Ellin Bessner: He was a Hebrew teacher, right?

Bernard Pinsky: He was, he was a Yiddish Yiddish teacher.

Ellin Bessner: At the Peretz school in Winnipeg.

It struck me that it’s 100 years since your father’s birth. And 1948 was when they came to Canada. He was 20 years old when he got off the ship. 76 years ago. And what a life! For two and a half years in the forest, killing people, blowing up trains, starving, nearly dying of illness, being nursed back to health by his loving sister. So many escapes. It’s a miracle that he made it. But you wrote that survival stories also have lots of elements in common.

Bernard Pinsky: Well, first: tenacity. You have to be absolutely tenacious to want to stay alive and fight to stay alive.

You’ve got to be smart or extraordinarily lucky to escape what was, you know, sure death for most people, even if they were smart and, and in good shape. You had to be physically, very capable. You have to be resourceful, super resourceful. Figure out things. How are you going to get some more food? How are you going to stay out of the way of those who would kill you? Maybe persuade somebody that you talked into doing something that they otherwise might not have done?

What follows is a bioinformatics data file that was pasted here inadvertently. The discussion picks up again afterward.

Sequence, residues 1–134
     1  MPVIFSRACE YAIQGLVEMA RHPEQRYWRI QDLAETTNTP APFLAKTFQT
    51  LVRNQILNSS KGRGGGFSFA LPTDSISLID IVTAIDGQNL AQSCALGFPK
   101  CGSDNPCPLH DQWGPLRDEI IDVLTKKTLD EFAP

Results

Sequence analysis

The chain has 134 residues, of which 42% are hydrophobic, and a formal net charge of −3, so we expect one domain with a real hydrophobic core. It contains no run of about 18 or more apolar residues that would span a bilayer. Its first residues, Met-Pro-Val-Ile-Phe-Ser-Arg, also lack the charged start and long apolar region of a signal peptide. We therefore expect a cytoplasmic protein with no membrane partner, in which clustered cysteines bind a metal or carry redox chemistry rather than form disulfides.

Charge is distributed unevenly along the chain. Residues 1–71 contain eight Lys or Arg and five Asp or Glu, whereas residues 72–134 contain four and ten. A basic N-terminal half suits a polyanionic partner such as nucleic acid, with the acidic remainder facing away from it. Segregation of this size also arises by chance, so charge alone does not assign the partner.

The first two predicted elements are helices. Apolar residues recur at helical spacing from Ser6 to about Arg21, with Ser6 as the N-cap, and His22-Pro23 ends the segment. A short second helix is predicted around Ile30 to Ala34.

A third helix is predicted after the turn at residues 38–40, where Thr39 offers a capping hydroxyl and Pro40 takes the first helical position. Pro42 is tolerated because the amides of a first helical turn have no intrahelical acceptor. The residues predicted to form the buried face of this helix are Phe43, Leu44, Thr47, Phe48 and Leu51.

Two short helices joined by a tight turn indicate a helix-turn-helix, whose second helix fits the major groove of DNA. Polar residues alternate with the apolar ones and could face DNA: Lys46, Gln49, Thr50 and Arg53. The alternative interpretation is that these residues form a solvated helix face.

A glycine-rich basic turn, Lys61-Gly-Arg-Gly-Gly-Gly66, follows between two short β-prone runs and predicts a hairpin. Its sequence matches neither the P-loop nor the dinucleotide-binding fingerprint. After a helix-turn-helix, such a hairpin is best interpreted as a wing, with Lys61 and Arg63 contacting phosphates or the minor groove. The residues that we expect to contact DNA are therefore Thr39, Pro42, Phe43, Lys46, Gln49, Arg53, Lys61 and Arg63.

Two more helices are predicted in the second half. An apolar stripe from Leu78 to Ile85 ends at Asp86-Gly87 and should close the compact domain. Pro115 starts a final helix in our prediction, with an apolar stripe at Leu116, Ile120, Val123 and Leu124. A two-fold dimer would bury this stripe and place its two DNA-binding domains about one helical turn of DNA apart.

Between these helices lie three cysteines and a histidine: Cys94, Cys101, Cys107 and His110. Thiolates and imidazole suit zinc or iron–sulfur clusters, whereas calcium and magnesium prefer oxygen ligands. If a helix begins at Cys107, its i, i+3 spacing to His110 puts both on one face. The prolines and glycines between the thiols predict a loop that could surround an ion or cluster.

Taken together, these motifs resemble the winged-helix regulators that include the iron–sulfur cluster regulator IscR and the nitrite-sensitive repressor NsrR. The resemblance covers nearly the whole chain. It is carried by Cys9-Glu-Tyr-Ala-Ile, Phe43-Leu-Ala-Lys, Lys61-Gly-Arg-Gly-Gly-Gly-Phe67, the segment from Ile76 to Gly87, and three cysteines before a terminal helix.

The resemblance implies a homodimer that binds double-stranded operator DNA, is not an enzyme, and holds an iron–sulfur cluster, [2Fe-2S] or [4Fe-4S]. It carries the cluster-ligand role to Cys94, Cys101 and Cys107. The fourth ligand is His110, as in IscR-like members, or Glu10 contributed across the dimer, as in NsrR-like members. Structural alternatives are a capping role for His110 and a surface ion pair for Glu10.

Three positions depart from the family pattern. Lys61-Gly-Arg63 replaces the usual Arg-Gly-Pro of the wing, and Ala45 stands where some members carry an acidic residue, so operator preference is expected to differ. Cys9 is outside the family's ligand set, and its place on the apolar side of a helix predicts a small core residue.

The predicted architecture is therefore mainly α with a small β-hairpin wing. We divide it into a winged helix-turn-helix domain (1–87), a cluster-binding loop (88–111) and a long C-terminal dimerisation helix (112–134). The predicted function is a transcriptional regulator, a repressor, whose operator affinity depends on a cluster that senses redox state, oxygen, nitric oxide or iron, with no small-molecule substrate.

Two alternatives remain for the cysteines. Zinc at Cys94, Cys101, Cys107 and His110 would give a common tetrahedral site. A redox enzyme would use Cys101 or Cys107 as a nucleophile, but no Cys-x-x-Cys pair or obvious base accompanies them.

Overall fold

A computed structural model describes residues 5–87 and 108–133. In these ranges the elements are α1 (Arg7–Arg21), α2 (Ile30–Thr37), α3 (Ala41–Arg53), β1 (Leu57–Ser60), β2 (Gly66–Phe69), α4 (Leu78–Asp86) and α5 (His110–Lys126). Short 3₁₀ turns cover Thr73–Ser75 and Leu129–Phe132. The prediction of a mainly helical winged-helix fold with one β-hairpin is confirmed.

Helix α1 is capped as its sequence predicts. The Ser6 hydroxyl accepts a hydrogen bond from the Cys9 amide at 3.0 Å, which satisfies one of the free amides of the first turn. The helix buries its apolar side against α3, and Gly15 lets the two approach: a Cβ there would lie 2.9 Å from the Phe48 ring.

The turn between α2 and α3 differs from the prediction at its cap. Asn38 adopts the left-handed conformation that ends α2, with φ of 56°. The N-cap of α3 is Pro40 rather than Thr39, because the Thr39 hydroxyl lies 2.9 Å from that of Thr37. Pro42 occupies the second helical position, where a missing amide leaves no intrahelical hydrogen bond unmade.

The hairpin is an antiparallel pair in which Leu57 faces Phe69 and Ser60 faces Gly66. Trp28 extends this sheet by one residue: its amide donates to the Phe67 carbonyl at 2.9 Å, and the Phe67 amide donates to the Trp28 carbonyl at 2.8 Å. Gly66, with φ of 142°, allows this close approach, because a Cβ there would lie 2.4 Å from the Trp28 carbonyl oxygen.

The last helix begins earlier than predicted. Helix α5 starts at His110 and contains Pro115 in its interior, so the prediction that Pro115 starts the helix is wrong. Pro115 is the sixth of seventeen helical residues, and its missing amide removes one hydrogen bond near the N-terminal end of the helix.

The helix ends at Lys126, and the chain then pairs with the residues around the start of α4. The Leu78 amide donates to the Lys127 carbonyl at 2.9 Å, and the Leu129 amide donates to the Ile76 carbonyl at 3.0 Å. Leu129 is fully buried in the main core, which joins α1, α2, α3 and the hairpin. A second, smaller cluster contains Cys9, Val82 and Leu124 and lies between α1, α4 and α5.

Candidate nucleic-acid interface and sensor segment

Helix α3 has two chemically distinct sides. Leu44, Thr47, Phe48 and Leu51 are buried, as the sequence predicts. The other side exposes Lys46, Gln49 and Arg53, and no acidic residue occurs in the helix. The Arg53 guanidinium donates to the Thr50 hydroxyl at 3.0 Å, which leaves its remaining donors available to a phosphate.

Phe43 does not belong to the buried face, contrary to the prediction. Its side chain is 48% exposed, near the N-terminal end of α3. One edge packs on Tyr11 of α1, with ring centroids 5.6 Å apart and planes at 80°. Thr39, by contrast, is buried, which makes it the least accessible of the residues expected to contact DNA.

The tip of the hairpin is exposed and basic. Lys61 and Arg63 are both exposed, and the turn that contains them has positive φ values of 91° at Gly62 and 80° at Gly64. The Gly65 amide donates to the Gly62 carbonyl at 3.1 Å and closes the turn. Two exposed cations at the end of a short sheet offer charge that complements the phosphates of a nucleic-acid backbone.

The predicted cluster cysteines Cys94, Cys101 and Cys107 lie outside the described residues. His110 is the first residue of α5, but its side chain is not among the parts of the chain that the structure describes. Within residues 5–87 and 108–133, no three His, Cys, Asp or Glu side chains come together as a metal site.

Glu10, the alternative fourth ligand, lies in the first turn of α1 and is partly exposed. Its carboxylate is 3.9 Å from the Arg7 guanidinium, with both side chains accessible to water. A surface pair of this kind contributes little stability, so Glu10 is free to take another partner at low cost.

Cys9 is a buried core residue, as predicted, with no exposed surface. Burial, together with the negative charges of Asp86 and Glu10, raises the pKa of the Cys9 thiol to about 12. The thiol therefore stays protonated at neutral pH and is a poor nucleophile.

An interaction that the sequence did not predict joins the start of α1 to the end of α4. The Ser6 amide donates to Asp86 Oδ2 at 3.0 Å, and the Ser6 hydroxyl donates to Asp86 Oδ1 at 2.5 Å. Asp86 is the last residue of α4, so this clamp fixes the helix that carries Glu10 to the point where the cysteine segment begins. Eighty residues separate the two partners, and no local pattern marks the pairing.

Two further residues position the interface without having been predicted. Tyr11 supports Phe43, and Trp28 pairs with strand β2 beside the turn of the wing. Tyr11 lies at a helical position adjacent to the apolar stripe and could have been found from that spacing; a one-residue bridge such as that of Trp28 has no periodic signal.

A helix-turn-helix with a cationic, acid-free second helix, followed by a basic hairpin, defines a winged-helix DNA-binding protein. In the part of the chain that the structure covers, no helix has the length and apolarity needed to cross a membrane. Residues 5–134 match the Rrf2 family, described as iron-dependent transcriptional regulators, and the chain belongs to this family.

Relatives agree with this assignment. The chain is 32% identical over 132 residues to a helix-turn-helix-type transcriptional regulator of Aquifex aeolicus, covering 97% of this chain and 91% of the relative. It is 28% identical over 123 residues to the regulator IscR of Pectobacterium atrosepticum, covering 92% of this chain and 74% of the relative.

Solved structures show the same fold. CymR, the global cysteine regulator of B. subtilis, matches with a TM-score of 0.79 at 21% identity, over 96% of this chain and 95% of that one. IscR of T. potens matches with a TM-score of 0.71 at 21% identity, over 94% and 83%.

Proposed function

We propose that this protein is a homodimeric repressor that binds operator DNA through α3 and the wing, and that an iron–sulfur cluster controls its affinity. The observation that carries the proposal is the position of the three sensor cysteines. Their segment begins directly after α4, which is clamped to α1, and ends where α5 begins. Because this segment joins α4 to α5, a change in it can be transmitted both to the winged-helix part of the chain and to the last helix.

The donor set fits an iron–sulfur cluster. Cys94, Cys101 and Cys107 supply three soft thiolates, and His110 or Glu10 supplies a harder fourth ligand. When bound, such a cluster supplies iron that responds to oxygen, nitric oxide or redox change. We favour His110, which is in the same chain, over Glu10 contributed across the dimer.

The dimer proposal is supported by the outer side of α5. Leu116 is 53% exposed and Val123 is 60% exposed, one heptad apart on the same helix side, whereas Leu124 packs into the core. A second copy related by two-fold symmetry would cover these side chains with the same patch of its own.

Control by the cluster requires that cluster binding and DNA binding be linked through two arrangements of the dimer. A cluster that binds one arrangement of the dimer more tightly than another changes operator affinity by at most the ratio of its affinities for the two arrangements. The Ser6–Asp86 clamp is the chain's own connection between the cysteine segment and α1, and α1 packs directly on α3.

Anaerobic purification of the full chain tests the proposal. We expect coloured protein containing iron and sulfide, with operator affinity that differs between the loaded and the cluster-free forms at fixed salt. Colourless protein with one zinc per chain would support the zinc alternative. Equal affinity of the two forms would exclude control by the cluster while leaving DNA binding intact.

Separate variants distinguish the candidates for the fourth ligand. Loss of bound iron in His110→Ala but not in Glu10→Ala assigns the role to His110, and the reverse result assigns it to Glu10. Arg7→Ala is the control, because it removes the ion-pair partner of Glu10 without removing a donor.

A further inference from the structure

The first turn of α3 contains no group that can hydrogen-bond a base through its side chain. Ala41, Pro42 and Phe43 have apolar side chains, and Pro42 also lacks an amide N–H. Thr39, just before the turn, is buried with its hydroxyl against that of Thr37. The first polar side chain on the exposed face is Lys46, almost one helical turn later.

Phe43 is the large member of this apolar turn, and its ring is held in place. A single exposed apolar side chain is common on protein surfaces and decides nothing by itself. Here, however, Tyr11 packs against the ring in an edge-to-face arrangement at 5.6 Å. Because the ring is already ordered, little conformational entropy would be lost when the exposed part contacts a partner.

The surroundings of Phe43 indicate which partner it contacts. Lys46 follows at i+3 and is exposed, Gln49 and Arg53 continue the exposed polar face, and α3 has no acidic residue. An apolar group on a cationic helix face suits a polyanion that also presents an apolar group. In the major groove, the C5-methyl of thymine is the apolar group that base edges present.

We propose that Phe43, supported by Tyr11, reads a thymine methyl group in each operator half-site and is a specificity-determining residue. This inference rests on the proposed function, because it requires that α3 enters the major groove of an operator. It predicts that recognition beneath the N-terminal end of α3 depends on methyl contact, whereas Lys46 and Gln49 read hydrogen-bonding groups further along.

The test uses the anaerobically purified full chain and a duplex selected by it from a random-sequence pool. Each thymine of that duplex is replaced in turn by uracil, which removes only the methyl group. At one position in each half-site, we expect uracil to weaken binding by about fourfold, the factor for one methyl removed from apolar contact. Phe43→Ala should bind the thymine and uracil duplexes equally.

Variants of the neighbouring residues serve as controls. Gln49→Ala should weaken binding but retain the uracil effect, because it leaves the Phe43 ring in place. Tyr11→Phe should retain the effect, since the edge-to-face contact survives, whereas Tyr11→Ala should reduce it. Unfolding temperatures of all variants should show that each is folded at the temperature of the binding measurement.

There’s so many factors that each person.So, yeah. I recently checked that the Jewish population of Europe in 1938 was approximately between nine and 9.5 million people. 6 million of them died. Two thirds, two out of every three people in Europe who is Jewish died in a six year span, five year span, really? Some people, when they saw the Nazis and what they were doing, some people could afford to leave and immigrate somewhere.

We’ve got some families here (in Vancouver) who emigrated and they typically converted in order to get into Canada, because they wouldn’t get into Canada unless they did. So there’s a family called Bentley’s that did that. They converted and they don’t really want to remember their Jewish roots.

Ellin Bessner: But your father also was impacted because of the trauma that he went through, right? Because he didn’t believe in God anymore. He was still Jewish, but he lost his faith that way.

Bernard Pinsky: Right. But interestingly enough, even though he didn’t believe in God, he was very, very, very Jewish and they’re not incompatible to not believe in God and be very, very Jewish.

Ellin Bessner: What would he have made of the antisemitism that we’re now experiencing today?

Bernard Pinsky: Well, one of the main points I make in the book is that he was an optimist. And I think that he would say, ”Yes, it’s tough, but we’ll get through this and we’ll get to better times.”